It was also revealed that China has deployed its ’150 Light Combined Arms Brigade of 77 Combat Command’ in Tibet Military District. The combined arms brigade is an adaptation of the American brigade combat team concept of efficient control and integration of various arms, rather than simple convergence. China has increased deployment of forces manifold in the Tibet region and has positioned the Combined Arms Brigade in deep areas near the Line of Actual Control with India.

China has positioned troops, artillery and armour in three sectors of Line of Actual Control – western (Ladakh), middle (Uttarakhand, Himachal) and eastern (Sikkim, Arunachal). China has also mobilised soldiers near Uttarakhand’s Lipulekh Pass, a tri-junction between India, Nepal and China situated atop the Kalapani Valley.

The border tension between India and China has not been resolved despite several rounds of military and diplomatic talks. China’s commitment for disengagement at the border in eastern Ladakh remains unsatisfactory and India has directed its armed forces to prepare for a long haul.

China has also set up permanent structures near the border areas going against its commitment to India of disengagement.

The dispute started at the borders in eastern Ladakh after China changed the status quo on the Line of Actual Control at various places, moving inside Indian territory. India has objected to it and is taking up the matter with China at all levels.

On June 15, as many as 20 Indian soldiers and an unknown number of Chinese troops were killed in a violent clash in the Galwan Valley.

China is also helping Pakistan to boost its firepower by selling it state-of-the-art defence items, including armed drones, even as it is engaged with India at the borders in eastern Ladakh.
Intelligence sources said Pakistan is procuring medium-altitude long-endurance unmanned aerial vehicle (UAV) — Cai Hong-4 (CH-4) — from China in bulk.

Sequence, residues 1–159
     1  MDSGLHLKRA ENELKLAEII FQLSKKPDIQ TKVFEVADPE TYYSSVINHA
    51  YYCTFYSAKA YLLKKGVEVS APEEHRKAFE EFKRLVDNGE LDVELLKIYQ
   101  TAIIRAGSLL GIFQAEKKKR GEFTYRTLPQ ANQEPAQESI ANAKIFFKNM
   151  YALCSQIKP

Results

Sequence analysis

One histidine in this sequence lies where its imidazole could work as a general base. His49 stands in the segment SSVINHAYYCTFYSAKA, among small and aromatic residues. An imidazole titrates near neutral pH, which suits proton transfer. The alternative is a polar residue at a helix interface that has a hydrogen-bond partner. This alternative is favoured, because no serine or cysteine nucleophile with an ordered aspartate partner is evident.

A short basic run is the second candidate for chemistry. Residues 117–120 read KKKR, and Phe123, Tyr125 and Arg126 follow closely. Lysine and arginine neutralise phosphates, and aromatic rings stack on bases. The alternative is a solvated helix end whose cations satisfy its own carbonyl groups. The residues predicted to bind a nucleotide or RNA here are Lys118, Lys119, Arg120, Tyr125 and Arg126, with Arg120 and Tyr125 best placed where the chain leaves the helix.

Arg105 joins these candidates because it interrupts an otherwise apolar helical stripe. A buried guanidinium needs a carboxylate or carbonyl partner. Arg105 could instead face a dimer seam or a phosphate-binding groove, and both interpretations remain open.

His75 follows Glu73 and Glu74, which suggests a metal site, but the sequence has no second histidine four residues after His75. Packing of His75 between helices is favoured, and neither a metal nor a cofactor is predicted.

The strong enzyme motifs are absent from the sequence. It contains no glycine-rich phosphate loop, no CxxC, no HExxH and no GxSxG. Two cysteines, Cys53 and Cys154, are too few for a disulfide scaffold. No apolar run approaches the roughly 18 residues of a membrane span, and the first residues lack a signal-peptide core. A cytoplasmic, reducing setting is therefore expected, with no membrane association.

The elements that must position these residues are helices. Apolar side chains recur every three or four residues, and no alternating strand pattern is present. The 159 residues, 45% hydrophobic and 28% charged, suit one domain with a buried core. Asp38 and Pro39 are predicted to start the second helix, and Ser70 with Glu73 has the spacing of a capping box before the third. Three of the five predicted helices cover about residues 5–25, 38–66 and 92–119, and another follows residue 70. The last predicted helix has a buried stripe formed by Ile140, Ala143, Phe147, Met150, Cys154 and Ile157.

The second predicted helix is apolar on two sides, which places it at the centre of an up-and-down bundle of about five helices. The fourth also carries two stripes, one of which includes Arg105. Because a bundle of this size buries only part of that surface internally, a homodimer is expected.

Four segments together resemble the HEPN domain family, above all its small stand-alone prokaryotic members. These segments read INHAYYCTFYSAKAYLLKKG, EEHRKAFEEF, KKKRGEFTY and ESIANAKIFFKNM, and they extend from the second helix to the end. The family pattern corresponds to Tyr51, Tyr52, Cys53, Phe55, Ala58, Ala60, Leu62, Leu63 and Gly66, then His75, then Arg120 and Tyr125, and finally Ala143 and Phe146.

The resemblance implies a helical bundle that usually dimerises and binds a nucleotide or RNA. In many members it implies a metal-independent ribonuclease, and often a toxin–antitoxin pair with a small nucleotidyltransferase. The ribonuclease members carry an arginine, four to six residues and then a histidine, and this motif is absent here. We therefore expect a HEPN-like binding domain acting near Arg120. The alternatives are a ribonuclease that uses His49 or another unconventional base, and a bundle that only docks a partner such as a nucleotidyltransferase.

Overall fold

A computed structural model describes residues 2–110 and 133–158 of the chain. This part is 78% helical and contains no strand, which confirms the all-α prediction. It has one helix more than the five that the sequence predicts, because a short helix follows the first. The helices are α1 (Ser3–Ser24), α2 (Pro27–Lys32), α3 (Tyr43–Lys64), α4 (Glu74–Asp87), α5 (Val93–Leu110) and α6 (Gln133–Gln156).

Sources said that a 10-member team of Pakistan Army led by Brigadier Mohammad Zafar Iqbal has visited China to review the procurement process.

“The Pakistan Army team went to China for factory acceptance test for items procured from Aerospace Long-March International Trade Company (ALIT), China. Then was led by Brigadier Mohammad Zafar Iqbal,” a source said. It was also revealed that Iqbal has earlier visited China in December 2019 for the factory acceptance test of the first tranche of Cai Hong-4 for which delivery was to commence in 2020.

The CH-4 has a take-off mass between 1,200-1,300 kgs depending on the variant. It can also carry a wide range of payloads. The UAV is now in service with military forces including the Iraqi Army and the Royal Jordanian Air Force.

Sources also stated that ALIT has offered Pakistan command and control options, including direct line-of-sight and satellite communications.

Pakistan has planned to deploy these UAVs at the Line of Control in Jammu & Kashmir to create further unrest in India. “China is helping Pakistan to do so,” said the source.

India and China are locked in an over three-month-long stand-off at multiple points, hitherto unprecedented along the border.

China had changed the status quo on the Line of Actual Control at various places, moving inside Indian territory. India has objected to it and is taking up the matter with China at all levels. The troop disengagement happened only at patrolling point-14 in Galwan Valley, the site of the June 15 clashes, and patrolling point-15 in Hot Springs. On June 15, as many as 20 Indian soldiers and an unknown number of Chinese troops were killed in a violent clash in the Galwan Valley.

Both the countries have engaged in military and diplomatic talks however nothing has materialized so far. The dispute remains unresolved and both the countries have started deploying troops and materiel at the disputed points. India has directed its armed forces to prepare for a long haul as the Chinese People’s Liberation Army troops are not moving back from the disputed points. (IANS)